Kathleen-HigginsKathleen Huggins RN IBCLC, has a Master’s Degree in Perinatal Nursing from U.C. San  Francisco, founded the Breastfeeding Warmline, opened one of the first breastfeeding clinics in  the United States, and has been helping breastfeeding mothers professionally for 33 years.  Kathleen  authored The Nursing Mother’s Companion in 1986 followed by The Nursing Mother’s Guide to Weaning.  Kathleen has also co-authored Nursing Mother, Working Mother with Gale Pryor, Twenty Five Things Every Breastfeeding Mother Should Know and The Nursing Mothers’ Breastfeeding Diary with best-friend, Jan Ellen Brown.  The Nursing Mothers’ Companion has also been translated into Spanish.  Mother of two now grown children, Kathleen retired from hospital work in 2004 and after beating breast cancer opened and currently runs Simply MaMa, her own maternity and breastfeeding boutique.  She continues to support breastfeeding mothers through her store’s “breastaurant,” online at The Leaky Boob, and in private consultations.  
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Dear Kathleen- Leakies ask an IBCLC

Daily, we receive hundreds of emails and messages from Leakies looking for help and information in their breastfeeding journey.  As so many seek support from us, we are so honored to have the support of Kathleen Huggins, IBCLC and author of The Nursing Mothers’ Companion.  Kathleen is jumping on board with The Leaky Boob to have a regular article answering Leaky questions every month.  The questions will be selected from the huge pool we get in every day to try and help cover the wide range of topics about which Leakies are asking.  These questions are from real moms and represent hundreds of requests for more information in the past two weeks.  Please understand that this is simply the professional opinion of one International Board Certified Lactation Consultant in an informal setting and is not intended to replace the care of a health care provider.  Kathleen is offering support and information, not diagnosing or prescribing treatment.  For your health and safety, please seek the care of a qualified physician and/or IBCLC.  Kathleen does have limited availability for phone or online consultations, see her website for more information.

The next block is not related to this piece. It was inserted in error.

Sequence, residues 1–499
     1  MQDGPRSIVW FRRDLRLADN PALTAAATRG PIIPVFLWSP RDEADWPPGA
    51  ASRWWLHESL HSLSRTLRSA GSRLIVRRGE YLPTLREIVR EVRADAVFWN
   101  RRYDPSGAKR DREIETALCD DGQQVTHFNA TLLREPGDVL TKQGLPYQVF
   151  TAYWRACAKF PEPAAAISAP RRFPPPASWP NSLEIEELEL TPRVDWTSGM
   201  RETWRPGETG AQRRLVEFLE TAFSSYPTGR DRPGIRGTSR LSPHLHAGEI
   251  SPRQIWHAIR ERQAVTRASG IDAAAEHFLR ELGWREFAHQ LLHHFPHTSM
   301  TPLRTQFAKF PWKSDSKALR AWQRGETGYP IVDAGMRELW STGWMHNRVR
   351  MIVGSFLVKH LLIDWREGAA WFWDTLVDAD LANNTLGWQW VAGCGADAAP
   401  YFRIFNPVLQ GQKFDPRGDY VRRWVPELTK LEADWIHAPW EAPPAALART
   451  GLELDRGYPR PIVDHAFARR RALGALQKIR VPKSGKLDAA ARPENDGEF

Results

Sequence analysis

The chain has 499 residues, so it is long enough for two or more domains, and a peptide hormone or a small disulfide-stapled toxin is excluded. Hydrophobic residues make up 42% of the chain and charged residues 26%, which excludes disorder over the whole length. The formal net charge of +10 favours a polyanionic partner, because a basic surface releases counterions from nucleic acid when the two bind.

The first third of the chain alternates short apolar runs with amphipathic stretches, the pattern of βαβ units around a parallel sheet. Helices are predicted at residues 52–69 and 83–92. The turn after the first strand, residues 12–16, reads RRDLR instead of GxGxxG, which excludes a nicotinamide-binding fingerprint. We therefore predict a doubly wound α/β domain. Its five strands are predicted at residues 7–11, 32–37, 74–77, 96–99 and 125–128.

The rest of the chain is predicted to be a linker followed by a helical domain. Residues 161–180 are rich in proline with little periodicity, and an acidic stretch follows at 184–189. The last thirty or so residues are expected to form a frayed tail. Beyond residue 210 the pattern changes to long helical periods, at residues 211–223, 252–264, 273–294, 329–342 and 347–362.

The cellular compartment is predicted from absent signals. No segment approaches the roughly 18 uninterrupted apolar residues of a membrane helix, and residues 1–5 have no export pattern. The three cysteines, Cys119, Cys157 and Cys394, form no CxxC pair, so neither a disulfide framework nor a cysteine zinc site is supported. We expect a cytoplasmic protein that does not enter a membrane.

Dear Kathleen,

After pumping, is it ok to feed the baby that milk and then if baby doesn’t finish to save the rest by putting it in the fridge?

Thanks!

Bewildered in pumping land

 

 

Hi Bewildered!

Pretty hard to work to express milk for your baby and then have to toss it out!  Some health care providers say to dump partially drank bottles, or give it at the next feeding.  I think that placing back an unfinished bottle of breast milk back into the refrigerator is just fine. I would suggest removing the nipple and screwing on a clean lid to keep the bacteria from the baby’s mouth to a minimum.  By using a fresh nipple for the next feed you will keep more germs from mixing in with that bottle of milk. I would recommend using the milk within the next 24 hours.  One very small study of just a few moms found that milk could be placed in the refrigerator for up to 36 hours at 4-6 degree Centigrade.  Storing milk in the back of the refrigerator is recommended. If you use the milk a second time, and there is still leftover milk, it is probably best to dump it out.  When milk has gone bad, it does have a rancid smell.

When pumping or feeding your baby a bottle, be sure to always start by washing your hands well.  Also, make sure that all of the pump parts are washed thoroughly in warm soapy water or in a dishwasher and if wet, left to dry on a clean paper towel. Also, try and store just small amount of milk for your baby; maybe just 2-3 ounces per bag or bottle. In that way, there will be less leftover milk to deal with.Hi Bewildered!  Pretty hard to work to express milk for your baby and then have to toss it out!  Some health care providers say to dump partially drank bottles, or give it at the next feeding, but I think that placing back an unfinished bottle of breast milk back into the refrigerator is just fine. I would suggest removing the nipple and screwing on a clean lid to keep the bacteria from the baby’s mouth to a minimum.  By using a fresh nipple for the next feed you will keep more germs from mixing in with that bottle of milk. I would recommend using the milk within the next 24 hours.  One very small study of just a few moms found that milk could be placed in the refrigerator for up to 36 hours at 4-6 degree Centigrade.  Storing milk in the back of the refrigerator is recommended. If you use the milk a second time, and there is still leftover milk, it is probably best to dump it out.  When milk has gone bad, it does have a rancid smell.